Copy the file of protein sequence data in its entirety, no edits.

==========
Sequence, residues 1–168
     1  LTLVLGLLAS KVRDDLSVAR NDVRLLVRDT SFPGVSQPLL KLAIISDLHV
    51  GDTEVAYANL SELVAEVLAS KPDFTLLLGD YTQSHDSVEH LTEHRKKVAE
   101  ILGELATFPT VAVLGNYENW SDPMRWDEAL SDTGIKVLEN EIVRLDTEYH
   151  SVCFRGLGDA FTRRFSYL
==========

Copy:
Sequence, residues 1–168
     1  LTLVLGLLAS KVRDDLSVAR NDVRLLVRDT SFPGVSQPLL KLAIISDLHV
    51  GDTEVAYANL SELVAEVLAS KPDFTLLLGD YTQSHDSVEH LTEHRKKVAE
   101  ILGELATFPT VAVLGNYENW SDPMRWDEAL SDTGIKVLEN EIVRLDTEYH
   151  SVCFRGLGDA FTRRFSYL